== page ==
According to Janna Levin, a professor of physics and astronomy at Barnard College, the universe is not silent--it may have a soundtrack.
Black holes, which Levin writes "may be heard but not seen," could be among space's noisemakers.
So what might they sound like?
Levin has created a clip that that captures what her research suggests may be the pitch and rhythm of black holes' "song," which is played out in space in the form of gravitational waves.
In an interview with the Huffington Post, Levin compared the sound to "someone knocking on the door, or mallets banging on a drum."
Levin, who spoke at the 2011 TED conference, explained the potential for her research, which, though abstract to many, could potentially reshape our understanding of the universe and our place within it.
"Understanding our origins...advances us as a species," she told the Huffington Post. "After Copernicus, the world changed in ways we couldn't possibly have predicted. Understanding the Big Bang and black holes and where we are in the scheme of things will have that effect."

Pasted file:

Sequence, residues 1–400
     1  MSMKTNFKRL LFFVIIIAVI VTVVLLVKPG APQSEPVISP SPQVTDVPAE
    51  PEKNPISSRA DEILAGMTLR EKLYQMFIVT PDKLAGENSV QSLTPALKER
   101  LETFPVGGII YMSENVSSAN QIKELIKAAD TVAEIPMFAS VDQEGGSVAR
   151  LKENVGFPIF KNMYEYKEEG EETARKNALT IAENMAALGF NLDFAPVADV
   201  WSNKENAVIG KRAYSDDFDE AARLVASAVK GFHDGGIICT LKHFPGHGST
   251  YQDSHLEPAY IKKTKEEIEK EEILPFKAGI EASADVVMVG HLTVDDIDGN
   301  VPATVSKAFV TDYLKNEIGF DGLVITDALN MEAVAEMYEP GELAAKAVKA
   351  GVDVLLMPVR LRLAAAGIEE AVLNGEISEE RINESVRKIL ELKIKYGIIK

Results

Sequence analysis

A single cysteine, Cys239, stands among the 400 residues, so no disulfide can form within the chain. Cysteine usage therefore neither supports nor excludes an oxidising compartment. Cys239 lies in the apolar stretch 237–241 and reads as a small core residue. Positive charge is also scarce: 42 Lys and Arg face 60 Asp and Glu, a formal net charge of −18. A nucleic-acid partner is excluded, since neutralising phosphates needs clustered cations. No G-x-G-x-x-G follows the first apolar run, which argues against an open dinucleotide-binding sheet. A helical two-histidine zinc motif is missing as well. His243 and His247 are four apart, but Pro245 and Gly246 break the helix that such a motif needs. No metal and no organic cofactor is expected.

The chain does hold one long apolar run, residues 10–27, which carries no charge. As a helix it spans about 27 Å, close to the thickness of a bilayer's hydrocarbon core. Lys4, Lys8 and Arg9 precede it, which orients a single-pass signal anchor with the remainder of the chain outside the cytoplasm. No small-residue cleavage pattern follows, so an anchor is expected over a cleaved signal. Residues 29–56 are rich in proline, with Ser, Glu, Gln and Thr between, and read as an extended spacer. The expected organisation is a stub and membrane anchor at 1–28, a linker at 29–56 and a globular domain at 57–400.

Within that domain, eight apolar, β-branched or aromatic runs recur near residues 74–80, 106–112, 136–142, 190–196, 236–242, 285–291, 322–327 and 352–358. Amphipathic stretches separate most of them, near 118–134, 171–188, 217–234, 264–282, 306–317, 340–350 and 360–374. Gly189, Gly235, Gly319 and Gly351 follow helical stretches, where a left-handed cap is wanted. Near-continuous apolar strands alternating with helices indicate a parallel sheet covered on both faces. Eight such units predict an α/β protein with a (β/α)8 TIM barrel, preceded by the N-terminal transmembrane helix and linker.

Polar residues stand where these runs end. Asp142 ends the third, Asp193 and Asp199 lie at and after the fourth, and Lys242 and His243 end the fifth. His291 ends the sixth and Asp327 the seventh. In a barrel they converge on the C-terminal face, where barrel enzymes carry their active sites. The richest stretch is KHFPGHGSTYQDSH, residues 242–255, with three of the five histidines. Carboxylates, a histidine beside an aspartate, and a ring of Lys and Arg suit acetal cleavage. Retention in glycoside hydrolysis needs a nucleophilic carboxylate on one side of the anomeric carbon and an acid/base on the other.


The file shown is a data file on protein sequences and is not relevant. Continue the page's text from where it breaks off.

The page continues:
Just as telescopes opened our eyes to new and numerous galaxies, comprehending the sounds of space could reveal novel elements all but impossible to predict.
"We're on the cusp of turning on the first telescopes for sound," Levin said. "It's a whole other world out there, who knows what lurks that can't be seen."
Listen to the "sounds of two black holes ringing space" below. Learn more about Levin's work here.
Levin writes of the clip: "There is no sound in empty space. But when the gravitational waves hit the Earth, detectors in the next few years will measure the stretching and shrinking of space and will be able to amplify the result as sound. To hear the sounds of two black holes ringing space, play the movie [below]."